But, whatever God sees fit for me…I’m in.

Holy suffering, Batman!

So, the past week? 
That sucked.  Really. 
First, we had Monday, the day of infusion.  I tend to feel great when I go to the clinic
because it’s been a while since they filled me with poison.  So I show up optimistic, energized, ready to
go.  The infusion was fine. 
For those not familiar with how the process works, I’ll give
you a quick run down.  I have a medi-port
device, named Portia, that is installed in my chest.  It is accessed by a big scary needle and
fluids can be administered through it and blood can be taken from
it.  It’s pretty nifty and saves you from
ruining your arm veins.  Upon arrival, I
am weighed, and vitals are taken.  I am
weighed each time because the volume of chemo you are given is based on your
weight.  Blood is taken and a couple of
quick tests are done while I am administered pre-meds – steroids, hydrating
fluids and anti-nausea medication.  This
takes about an hour.  Then I am hooked up
to Oxaliplatin and Vectabix, two chemo drugs that are given over several
hours.  At the end of that, I am given a
bolus (injection) of 5-FU (yes, it’s really called that) and then hooked up to
the Wonder Woman Power Pack (aka Fanny) that I wear home.  This contains more 5-FU which is pumped into me for 48 hours.        
During this time, at the cancer center, I visited with nurses I know, showed off
my latest Wonder Woman accessories, read, rested, watched funny YouTube videos.  I even did a conference call with my staff
via FaceTime.  Ah, technology.  After, Kevin and I had lunch at Panera, stopped at Old Navy to
buy some new “visiting jammies”  (it’s
important to have decent lounge-wear when people stop by often as people do
when one is ill.)  I went home, took it
easy, did a little catching up on work and felt mostly ok. 
Wobbly, but ok.  Wobbly is the
name I give to the feeling that sets in once chemo has been administered but
hasn’t yet unleashed its fury.   You feel like something is off, your brain isn’t
sharp, you feel slightly queasy and a little tired.  The next day and a half, I was mostly getting used
to lugging that fanny pack around. 
Tired, uncomfortable.  Then the
heartburn of an angry dragon set in.  This was a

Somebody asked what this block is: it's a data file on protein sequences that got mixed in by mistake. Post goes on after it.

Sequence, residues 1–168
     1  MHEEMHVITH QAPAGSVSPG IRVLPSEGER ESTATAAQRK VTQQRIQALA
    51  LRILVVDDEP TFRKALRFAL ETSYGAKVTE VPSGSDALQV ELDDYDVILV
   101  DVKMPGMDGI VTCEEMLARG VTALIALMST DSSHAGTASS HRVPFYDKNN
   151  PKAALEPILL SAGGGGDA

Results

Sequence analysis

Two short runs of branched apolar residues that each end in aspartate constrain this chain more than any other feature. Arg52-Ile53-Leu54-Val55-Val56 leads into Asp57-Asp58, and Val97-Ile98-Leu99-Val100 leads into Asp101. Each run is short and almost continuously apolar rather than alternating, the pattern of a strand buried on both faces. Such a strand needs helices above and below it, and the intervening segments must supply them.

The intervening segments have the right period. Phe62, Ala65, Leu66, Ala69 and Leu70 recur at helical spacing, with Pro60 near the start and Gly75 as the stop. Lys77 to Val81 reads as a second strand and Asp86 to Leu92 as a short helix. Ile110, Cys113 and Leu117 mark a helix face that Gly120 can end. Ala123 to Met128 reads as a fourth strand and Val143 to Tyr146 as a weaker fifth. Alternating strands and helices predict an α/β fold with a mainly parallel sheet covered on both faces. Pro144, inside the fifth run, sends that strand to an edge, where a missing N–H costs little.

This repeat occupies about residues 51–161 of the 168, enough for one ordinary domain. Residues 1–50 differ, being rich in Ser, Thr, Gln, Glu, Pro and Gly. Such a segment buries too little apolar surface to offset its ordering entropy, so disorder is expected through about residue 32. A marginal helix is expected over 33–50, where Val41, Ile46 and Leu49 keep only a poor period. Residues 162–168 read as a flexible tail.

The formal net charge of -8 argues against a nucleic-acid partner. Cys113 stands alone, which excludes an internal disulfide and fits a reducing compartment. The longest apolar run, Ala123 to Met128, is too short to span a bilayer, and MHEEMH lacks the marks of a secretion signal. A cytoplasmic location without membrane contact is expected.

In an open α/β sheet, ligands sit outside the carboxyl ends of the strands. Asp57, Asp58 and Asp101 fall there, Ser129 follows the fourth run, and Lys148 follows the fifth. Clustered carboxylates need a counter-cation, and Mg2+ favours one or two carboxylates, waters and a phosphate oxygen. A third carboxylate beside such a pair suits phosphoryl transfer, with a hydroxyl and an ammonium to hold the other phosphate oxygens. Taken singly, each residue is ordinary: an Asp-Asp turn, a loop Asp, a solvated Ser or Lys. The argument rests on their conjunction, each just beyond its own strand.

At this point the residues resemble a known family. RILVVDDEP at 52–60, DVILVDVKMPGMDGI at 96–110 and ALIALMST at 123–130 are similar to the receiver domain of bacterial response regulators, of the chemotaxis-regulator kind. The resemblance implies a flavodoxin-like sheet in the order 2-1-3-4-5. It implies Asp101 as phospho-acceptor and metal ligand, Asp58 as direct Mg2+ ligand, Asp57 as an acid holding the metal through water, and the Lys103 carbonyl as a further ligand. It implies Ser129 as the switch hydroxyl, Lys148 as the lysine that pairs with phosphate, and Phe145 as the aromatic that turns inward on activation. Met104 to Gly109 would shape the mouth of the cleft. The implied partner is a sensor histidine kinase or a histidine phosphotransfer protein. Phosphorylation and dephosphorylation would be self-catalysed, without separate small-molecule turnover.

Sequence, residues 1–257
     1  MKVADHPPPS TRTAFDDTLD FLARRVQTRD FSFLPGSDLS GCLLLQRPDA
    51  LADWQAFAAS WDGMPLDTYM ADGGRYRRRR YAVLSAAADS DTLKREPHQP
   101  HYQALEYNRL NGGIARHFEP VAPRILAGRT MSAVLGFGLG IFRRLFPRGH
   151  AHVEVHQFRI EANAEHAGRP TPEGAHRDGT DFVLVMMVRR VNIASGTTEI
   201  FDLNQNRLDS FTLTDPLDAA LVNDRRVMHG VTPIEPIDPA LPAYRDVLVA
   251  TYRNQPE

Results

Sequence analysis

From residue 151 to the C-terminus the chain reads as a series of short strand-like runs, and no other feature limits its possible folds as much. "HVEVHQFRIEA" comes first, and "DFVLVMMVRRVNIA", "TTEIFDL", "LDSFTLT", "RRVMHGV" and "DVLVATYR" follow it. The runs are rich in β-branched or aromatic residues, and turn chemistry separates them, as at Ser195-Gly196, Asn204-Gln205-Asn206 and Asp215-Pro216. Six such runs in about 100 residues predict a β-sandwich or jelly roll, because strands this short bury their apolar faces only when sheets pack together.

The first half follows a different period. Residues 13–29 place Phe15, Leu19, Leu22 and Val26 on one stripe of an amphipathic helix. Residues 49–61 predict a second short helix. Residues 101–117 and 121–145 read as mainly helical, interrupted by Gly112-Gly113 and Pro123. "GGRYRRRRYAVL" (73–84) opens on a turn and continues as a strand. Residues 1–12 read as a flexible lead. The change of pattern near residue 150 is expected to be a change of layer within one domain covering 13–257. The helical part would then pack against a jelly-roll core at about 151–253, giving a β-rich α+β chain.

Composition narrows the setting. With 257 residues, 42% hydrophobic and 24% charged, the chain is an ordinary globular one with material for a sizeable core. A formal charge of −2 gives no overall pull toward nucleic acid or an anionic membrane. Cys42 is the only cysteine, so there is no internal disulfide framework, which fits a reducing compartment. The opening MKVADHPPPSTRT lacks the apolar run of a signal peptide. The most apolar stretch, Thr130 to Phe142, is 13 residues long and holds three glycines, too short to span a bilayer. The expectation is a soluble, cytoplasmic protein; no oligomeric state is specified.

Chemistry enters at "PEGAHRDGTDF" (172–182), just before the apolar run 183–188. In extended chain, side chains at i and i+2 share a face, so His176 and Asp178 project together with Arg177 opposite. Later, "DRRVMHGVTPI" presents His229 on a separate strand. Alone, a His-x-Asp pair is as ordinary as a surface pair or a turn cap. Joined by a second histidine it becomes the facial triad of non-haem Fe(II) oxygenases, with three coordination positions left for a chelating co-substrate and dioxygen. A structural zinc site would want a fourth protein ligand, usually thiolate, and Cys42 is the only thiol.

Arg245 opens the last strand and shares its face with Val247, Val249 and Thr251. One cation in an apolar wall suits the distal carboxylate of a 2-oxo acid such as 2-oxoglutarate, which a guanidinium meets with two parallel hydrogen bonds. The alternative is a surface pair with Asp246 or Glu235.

new sensation – burning from my belly, literally up to my ears.  I looked it up and that’s a thing – burning all
the way up into your Eustachian tubes. 
Wednesday I got unhooked from the Power Pack and was
administered more anti-nausea meds and a prescription for heavy duty heartburn
medication.  The heartburn
persisted.  I dragged myself into work on Thursday to attend our Day of Hope picnic.  Familiar faces and an event celebrating God
on the North Shore lifted my spirits even though I felt pretty low,
physically.  I felt like I was literally dragging myself around,
wondering if people could tell how I was only about 50% sure I wouldn’t vomit
right there in front of the crowd.  A
homeless man spoke to me as I passed by and said “Ma’am, you look like a
princess.”  I looked around to see if he was really talking to me, and when I confirmed that, I smiled and said to him very genuinely “Sir,
you have just made my day.” 
I came home and made dinner and the efforts of the day just wore me down.  Just as we sat down together, I got so sick I couldn’t eat it.  What a shame!  I had three bites of a delicious meal and my body just shut down.  This was very discouraging.  I went to bed and barely saw my family that day.  Emotionally, this was the hardest day.  Your little girl just wants to tell you about her day and you have no choice but to be alone in a dark room and just get through it.  Your exhausted husband has worked all day and now has to handle every aspect of the evening – clean up the kitchen, bath, math practice, lunches for the next day.  This is when sadness and “it’s not fair!” threatens to take hold of me.    
Friday, I’d agreed to attend an important meeting.  I truly relied on God to get me there,
through the meeting and home.  I was glad
I went, and so grateful to get home, put my non-visiting jammies on and just
settle into a weekend of rest. 
Unfortunately, Saturday, the heartburn upped its game.  My insides felt on fire.  Nothing touched it – believe me, I’ve tried
everything from prescription meds to kimchi (which is delicious, btw!) so save
your well intentioned “Have you tried ginger tea?” for someone who has
heartburn because they ate too much Vincent’s pizza.  This is the chemically induced destruction of
the upper portion of the digestive system. 
My doc is on the case, so we’ll hopefully figure it out, but mint leaves
and popcicles aren’t going to tame this dragon, my friends. 
Sunday, let’s just say I spent more time in the bathroom
than I did for my past two colonoscopy preps combined.  Man, I don’t know what hell was unleashed on
my tummy, but you could audibly hear it churning from across the room.  Because I’m stubborn and crazy, we decided to
go to the Science Center anyway.  I can
tell you where every bathroom on every floor is.  My apologies to anyone who was there Sunday.  We came home and I laid in agony while
watching The Devil Wears Prada.  I want
to be Meryl Streep in 30 years.  Or be
neighbors with her.  We would visit over
chai tea and talk about the most wonderful things, I just know it. 
The weekend was really miserable.  Many times I lifted my eyes heavenward and
said “A little help, here?”  No specific
answer came – just the truth that only what is needed is what comes and that